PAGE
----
Treatment of early disease is less resource intensive and has excellent outcomes, underscoring the importance of promoting early detection in low and middle income regions. However, resource constrains lead to limited applications of breast healthcare guidelines developed for western nations. Due to the high cost of mammography, lack of necessary infrastructure, and the fact that the peak incidence in India and neighboring countries is in the younger population, usefulness of mammography as a screening tool is questionable. For countries like India, it seems logical to consider clinical breast examination and BSE as a screening modality; however, there is an urgent need to establish a screening protocol. It has been asked that low income countries should come together and develop a common ground for measures to reduce breast cancer rates and practice economically feasible and culturally compatible diagnostic and therapeutic modalities. [6]

 
  References Top

1.Somdatta P, Baridalyne N. Awareness of breast cancer in women of an urban resettlement colony. Indian J Cancer 2008;45:149-53.  Back to cited text no. 1  [PUBMED]  Medknow Journal
2.Tu SP, Reisch LM, Taplin SH, Kreuter W, Elmore JG. Breast self-examination: Self-reported frequency, quality, and associated outcomes. J Cancer Educ 2006;21:175-81.  Back to cited text no. 2  [PUBMED]  
3.Jahan S, Al-Saigul AM, Abdelgadir MH. Breast cancer: Knowledge, attitudes and practices of breast self examination among women in Qassim region of Saudi Arabia. Saudi Med J 2006;27:1737-41.  Back to cited text no. 3  [PUBMED]  
4.Montazeri A, Vahdaninia M, Harirchi I, Harirchi AM, Sajadian A, Khaleghi F, et al . Breast cancer in Iran: Need for greater women awareness of warning signs and effective screening methods. Asia Pac Fam Med 2008;7: 6.   Back to cited text no. 4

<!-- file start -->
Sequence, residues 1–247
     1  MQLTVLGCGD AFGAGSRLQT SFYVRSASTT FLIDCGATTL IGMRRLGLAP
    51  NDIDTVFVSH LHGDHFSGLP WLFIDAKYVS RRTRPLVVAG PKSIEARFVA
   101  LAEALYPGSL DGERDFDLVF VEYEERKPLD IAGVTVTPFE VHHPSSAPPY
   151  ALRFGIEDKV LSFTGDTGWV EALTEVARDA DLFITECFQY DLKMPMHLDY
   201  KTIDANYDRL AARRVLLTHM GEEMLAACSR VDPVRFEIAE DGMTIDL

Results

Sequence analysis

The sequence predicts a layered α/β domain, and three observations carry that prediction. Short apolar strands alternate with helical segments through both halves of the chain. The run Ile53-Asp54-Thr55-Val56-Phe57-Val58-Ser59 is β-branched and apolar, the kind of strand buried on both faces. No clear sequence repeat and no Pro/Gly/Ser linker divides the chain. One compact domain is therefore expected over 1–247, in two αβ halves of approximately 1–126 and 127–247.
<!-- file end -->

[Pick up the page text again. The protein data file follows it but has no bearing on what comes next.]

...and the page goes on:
5.Badar F, Faruqui ZS, Ashraf A, Uddin N. Third world issues in breast cancer detection. J Pak Med Assoc 2007;57:137-40.  Back to cited text no. 5  [PUBMED]  
6.Smith RA, Caleffi M, Albert US, Chen TH, Duffy SW, Franceschi D, et al . Breast cancer in limited-resource countries: early detection and access to care. Breast J 2006;12:16-26.  Back to cited text no. 6    



This article has been cited by
1 Breast Cancer Knowledge and Related Behaviors among Women in Abha City, Southwestern Saudi Arabia
Ahmed A. Mahfouz,Mervat H. A. Hassanein,Shamsun Nahar,Aesha Farheen,Inasse I. Gaballah,Amani Mohamed,Faten M. Rabie,Razia Aftab
Journal of Cancer Education. 2013; 28(3): 516
[Pubmed] | [DOI]
2 Systematic Review of Breast Cancer Biology in Developing Countries (Part 1): Africa, the Middle East, Eastern Europe, Mexico, the Caribbean and South America
Riyaz Bhikoo,Sanket Srinivasa,Tzu-Chieh Yu,David Moss,Andrew G Hill
Cancers. 2011; 3(4): 2358
[Pubmed] | [DOI]
3 Epidemiological survey and PCR based detection of mutation for breast cancer in West Bengal, India
Chatterjee, A., Mukherjee, G.
Asian Journal of Microbiology, Biotechnology and Environmental Sciences. 2011; 13(2): 285-288
[Pubmed]
4 Systematic review of breast cancer biology in developing countries (part 1): Africa, the Middle East, Eastern Europe, Mexico, the Caribbean and South America
Bhikoo, R., Srinivasa, S., Yu, T.-C., Moss, D., Hill, A.G.
Cancers. 2011; 3(2): 2358-2381
[Pubmed]
5 Improving Breast Cancer Control via the Use of Community Health Workers in South Africa: A Critical Review
Brianna M. Wadler, Christine M. Judge, Marianne Prout, Jennifer D. Allen, Alan C. Geller
Journal of Oncology. 2011; 2011: 1
[VIEW] | [DOI]
6 Opportunity for breast cancer screening in limited resource countries: A literature review and implications for iran
Asadzadeh, V.F., Broeders, M., Kiemeney, L., Verbeek, A.
# # Asian Pacific Journal of Cancer Prevention. 2011; 12(10): 2467-2475
[Pubmed]
7 Breast Cancer in Low- and Middle-Income Countries: An Emerging and Challenging Epidemic
Arafat Tfayli, Sally Temraz, Rachel Abou Mrad, Ali Shamseddine
Journal of Oncology. 2010; 2010: 1
[VIEW] | [DOI]



 

Top
Print this article  Email this article
Previous article Next article

    

  Site Map | What's new | Copyright and Disclaimer
  Online since 1st April '07
  2007 - Indian Journal of Cancer | Published by Wolters Kluwer - Medknow